It was a nice moment with a very nice lady. Thanks, Jill!
|September 10, 2012||Posted by Amy Vodraska under Hunter Jumper - Competition News|
When he looked out of the window of his home in Brewster, New York, on Saturday night and saw the rain pounding down, McLain Ward was a bit concerned about how the deluge might possibly impact the footing in the stadium at HITS-on-the-Hudson in nearby Saugerties.
It turns out Ward needn’t have worried. Due to ongoing investments in the footing and the extensive efforts of Tom Struzzieri’s ground crew, the effects of Saturday evening’s storm were negligible.
Canadian Olympian Jill Henselwood called the footing a “good trampoline for those horses.” It certainly was for Ward’s Antares F. McLain and the 12 year-old grey Baden-Wurttemberg gelding leaped around Olaf Petersen, Jr.’s course as if on springs, taking the top honors in Sunday’s Pfizer $1 Million Grand Prix.
The storms over the Hudson River Valley abated overnight and although storm clouds threatened during the latter part of the afternoon, the day began on a sunny note. Equestrian enthusiasts were treated to a day to remember with the running of the HITS $250,000 Hunter Final and the $500,000 Diamond Mills Hunter Prix preceding the Pfizer $1 Million.
Twenty six of the best hunter riders in the country saddled up to take their turn in the HITS stadium, navigating a 3’3″ hunter course set on a winding track curving around the colorful grand prix obstacles. Amanda Steege, Bedminster, NJ, took the early lead from the fourth spot on Hunter Derby neophyte Balou, and her lead remained until Patricia Griffith entered the ring next to last on Lexi Maounis’ Sienna. Griffith was followed by her Heritage Farm student Lillie Keenan and C Coast Z, winners of last year’s $100,000 USHJA International Hunter Derby. Keenan and her grey gelding put in a fabulous round, but fell just short of Griffith’s mark and had to settle for second. Steege finished in third place.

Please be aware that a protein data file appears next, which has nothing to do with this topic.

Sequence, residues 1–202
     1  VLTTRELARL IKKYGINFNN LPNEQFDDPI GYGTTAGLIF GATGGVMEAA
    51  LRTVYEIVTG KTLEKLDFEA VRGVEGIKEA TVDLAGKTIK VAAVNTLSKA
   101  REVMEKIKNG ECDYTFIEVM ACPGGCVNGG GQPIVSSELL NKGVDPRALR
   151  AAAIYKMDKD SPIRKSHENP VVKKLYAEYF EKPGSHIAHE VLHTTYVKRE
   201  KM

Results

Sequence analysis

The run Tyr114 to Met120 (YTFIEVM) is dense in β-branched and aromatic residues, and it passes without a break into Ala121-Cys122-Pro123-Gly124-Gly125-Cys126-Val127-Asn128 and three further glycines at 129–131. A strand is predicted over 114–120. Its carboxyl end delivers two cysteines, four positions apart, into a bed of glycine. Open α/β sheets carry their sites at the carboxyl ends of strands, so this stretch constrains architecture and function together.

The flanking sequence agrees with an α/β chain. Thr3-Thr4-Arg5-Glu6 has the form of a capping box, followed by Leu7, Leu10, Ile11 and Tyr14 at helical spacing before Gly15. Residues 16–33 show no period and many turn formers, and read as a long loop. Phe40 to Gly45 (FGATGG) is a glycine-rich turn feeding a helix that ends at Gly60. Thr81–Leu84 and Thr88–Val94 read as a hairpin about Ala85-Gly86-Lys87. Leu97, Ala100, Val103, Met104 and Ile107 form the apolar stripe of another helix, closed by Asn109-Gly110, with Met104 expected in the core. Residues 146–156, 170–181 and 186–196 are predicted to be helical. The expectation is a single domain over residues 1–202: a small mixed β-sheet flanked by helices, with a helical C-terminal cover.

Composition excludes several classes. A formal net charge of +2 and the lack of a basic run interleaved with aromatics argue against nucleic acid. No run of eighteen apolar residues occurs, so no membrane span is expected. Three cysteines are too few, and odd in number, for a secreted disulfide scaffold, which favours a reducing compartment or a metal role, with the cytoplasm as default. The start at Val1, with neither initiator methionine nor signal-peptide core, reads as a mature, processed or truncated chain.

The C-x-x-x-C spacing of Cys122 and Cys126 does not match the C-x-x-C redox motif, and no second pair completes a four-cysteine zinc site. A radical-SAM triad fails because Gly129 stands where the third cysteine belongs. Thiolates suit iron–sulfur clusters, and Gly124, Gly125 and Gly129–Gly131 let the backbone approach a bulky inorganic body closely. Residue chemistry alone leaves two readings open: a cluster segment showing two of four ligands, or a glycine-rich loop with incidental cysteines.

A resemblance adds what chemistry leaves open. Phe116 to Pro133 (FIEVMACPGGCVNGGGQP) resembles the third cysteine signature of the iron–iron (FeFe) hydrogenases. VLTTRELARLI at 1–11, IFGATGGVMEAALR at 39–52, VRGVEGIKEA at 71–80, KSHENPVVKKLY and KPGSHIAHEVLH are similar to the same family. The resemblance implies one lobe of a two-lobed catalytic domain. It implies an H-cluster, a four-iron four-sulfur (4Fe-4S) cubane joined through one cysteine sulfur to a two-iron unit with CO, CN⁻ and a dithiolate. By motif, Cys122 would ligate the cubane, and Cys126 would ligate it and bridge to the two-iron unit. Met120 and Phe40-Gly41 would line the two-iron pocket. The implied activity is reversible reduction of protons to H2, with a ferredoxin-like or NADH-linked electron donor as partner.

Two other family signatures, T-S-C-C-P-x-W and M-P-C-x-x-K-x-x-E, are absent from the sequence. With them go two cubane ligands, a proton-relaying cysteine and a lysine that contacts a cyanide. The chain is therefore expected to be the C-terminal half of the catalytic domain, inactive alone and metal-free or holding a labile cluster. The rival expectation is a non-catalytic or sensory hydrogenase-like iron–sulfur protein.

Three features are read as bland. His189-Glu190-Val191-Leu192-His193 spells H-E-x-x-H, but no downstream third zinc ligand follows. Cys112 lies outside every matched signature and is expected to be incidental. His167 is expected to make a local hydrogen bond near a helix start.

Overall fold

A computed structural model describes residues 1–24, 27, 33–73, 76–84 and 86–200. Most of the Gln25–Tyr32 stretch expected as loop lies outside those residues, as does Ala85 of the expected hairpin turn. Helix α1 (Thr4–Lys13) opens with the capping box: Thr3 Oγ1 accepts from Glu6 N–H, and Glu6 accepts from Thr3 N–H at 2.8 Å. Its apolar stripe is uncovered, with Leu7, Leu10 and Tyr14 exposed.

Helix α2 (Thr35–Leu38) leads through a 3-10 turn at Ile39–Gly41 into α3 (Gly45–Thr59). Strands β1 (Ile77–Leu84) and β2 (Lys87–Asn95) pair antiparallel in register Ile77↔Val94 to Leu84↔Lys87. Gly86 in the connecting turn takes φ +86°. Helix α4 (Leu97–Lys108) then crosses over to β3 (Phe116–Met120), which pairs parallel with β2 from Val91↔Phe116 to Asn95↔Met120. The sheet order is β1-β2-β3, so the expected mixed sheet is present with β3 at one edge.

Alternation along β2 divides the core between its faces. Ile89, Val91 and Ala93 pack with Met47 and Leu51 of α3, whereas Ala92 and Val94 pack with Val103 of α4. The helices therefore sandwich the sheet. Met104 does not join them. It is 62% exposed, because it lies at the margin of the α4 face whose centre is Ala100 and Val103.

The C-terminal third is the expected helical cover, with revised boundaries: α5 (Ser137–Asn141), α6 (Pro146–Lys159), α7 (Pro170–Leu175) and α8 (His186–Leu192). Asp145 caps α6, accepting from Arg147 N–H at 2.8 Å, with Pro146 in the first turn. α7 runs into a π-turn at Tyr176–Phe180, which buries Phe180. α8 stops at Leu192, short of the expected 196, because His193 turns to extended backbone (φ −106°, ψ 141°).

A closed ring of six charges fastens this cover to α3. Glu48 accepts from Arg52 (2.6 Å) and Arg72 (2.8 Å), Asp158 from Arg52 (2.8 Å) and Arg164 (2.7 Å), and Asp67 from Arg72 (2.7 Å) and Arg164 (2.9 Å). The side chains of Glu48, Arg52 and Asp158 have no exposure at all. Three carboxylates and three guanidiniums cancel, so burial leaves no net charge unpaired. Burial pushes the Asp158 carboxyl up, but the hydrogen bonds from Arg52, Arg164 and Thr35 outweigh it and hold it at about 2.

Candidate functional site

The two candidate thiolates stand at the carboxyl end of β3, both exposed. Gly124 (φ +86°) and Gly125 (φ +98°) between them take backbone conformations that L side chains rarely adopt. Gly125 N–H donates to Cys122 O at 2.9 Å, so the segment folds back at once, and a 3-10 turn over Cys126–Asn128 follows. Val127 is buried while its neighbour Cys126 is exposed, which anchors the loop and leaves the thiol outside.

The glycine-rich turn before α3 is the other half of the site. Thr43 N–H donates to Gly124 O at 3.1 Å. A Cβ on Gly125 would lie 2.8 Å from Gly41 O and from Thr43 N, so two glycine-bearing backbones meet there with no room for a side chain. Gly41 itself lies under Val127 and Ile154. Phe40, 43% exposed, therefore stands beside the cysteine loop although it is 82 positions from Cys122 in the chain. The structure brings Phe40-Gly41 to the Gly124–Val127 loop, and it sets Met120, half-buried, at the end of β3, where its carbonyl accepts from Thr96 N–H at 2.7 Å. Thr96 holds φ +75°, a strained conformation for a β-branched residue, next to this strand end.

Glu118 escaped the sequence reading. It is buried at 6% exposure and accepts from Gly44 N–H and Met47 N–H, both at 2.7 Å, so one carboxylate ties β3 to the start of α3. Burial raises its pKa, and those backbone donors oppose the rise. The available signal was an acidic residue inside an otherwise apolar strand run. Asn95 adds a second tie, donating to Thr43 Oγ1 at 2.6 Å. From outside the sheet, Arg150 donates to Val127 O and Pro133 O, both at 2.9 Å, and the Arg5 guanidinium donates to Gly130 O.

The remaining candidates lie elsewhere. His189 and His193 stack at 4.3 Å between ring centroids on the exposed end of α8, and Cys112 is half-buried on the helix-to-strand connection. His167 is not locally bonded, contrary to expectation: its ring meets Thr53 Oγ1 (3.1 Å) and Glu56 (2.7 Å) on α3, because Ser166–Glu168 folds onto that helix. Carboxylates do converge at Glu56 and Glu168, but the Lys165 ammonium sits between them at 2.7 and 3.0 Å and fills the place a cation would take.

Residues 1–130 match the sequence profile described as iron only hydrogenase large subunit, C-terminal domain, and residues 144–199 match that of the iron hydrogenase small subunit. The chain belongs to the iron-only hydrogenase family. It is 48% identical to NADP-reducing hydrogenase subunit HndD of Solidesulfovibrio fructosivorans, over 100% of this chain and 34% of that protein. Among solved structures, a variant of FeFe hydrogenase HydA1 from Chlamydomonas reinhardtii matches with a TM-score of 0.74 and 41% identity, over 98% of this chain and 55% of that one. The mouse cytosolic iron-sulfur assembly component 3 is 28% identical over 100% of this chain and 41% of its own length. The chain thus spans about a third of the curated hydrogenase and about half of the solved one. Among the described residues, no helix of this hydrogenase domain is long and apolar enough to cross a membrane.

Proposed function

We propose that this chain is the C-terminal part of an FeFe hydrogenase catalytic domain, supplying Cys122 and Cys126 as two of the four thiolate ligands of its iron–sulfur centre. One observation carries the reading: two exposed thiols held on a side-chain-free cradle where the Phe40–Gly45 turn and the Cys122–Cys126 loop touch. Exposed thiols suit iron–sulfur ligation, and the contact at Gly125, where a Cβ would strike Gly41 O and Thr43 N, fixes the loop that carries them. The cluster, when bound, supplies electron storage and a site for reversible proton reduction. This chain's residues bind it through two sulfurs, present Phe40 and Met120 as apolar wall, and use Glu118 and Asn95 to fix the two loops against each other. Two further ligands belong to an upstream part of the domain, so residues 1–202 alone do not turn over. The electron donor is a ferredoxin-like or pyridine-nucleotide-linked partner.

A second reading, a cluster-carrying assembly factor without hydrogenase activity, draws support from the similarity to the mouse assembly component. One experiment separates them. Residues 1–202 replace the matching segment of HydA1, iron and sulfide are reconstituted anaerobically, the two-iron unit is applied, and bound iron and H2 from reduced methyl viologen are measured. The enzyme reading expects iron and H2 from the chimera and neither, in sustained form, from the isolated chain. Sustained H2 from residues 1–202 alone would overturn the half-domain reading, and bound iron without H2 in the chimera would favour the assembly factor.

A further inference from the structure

The afternoon’s marquee event kicked off shortly following the wrap-up in hunterland. McLain Ward and Antares F were early in the order, entering the ring third. Ward set of with purpose and tackled the difficult course, with its imposing 10.6 meter water, with aplomb. Seriously, the man is the epitome of the word “chilly.” Rodrigo Pessoa and Pessoa Show Stables LLC’s Winsom followed Ward and dropped the B element of the triple. Ireland’s Johnathan McCrea was the next to jump and he and Colorado, owned by Candy Tribble and Windsor Show Stables, posted a clear round.
McLain Ward and Antares F
Both the poles and the riders fell fast and furious for the next 26 rounds until Canada’s Jill Henselwood and her Olympic partner George entered the ring. The ebullient George, whom Henselwood calls a “character” cleared the fences with room to spare, seeming to levitate over each obstacle. The pair galloped home, leaving all the rails in their cups, to join Ward and McCrea in the jump-off.